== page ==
Thread: Problem 3.6(a)
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Old 07-12-2017, 06:41 PM
tikenn tikenn is offline
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Join Date: Jun 2017
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Default Problem 3.6(a)

I think this is similar to the answer provided for problem 3.5, but I am having a difficult time understanding why, in Problem 3.4, the error is continuous and differentiable at the point y_n\textbf{w}^T\textbf{x}_n=1. I have the three cases looking like this so far:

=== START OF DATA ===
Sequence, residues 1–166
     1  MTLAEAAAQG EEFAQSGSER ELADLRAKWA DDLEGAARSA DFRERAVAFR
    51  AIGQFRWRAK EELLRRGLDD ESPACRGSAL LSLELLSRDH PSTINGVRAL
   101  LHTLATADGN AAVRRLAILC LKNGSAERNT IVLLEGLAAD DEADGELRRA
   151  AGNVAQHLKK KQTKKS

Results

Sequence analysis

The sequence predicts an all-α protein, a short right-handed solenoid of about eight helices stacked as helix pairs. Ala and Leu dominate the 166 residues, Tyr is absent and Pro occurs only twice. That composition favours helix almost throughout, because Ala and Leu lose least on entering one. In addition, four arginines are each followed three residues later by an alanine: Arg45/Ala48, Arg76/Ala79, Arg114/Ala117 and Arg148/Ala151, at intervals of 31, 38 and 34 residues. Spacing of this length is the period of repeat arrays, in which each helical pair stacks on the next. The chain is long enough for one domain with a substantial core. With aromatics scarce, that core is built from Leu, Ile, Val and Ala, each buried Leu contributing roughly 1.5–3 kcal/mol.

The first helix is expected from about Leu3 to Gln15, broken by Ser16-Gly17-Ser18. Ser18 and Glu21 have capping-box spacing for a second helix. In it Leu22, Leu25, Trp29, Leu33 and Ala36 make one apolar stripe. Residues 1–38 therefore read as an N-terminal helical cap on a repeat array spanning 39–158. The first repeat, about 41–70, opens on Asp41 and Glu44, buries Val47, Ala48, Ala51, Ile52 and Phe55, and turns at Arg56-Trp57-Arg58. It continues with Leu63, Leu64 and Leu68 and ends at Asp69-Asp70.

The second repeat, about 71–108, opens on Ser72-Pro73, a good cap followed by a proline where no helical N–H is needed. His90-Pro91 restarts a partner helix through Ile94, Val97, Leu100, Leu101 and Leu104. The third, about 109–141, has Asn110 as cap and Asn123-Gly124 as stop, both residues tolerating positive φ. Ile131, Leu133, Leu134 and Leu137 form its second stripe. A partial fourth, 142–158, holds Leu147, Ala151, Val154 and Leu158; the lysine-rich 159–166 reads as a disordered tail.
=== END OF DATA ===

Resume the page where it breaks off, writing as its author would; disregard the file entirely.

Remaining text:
y_n\textbf{w}^T\textbf{x}_n>1 in which I believe E(\mathbf{x}_n) = 0
y_n\textbf{w}^T\textbf{x}_n<1 in which I believe E(\mathbf{x}_n) = (1 - y_n\textbf{w}^T\textbf{x}_n)^2
y_n\textbf{w}^T\textbf{x}_n=1 in which I believe E(\mathbf{x}_n) = 0

These cases would make y_n\textbf{w}^T\textbf{x}_n=1 non-differentiable because the derivatives from the left and right are different. Am I evaluating the error from the book wrong --> e_n(\textbf{w})=(\max(0,1-y_n\textbf{w}^T\textbf{x}_n))^2?
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